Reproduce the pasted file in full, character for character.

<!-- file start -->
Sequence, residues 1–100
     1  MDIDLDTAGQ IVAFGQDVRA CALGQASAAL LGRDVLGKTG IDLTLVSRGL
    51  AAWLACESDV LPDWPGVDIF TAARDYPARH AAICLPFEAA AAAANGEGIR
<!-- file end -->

Sequence, residues 1–100
     1  MDIDLDTAGQ IVAFGQDVRA CALGQASAAL LGRDVLGKTG IDLTLVSRGL
    51  AAWLACESDV LPDWPGVDIF TAARDYPARH AAICLPFEAA AAAANGEGIR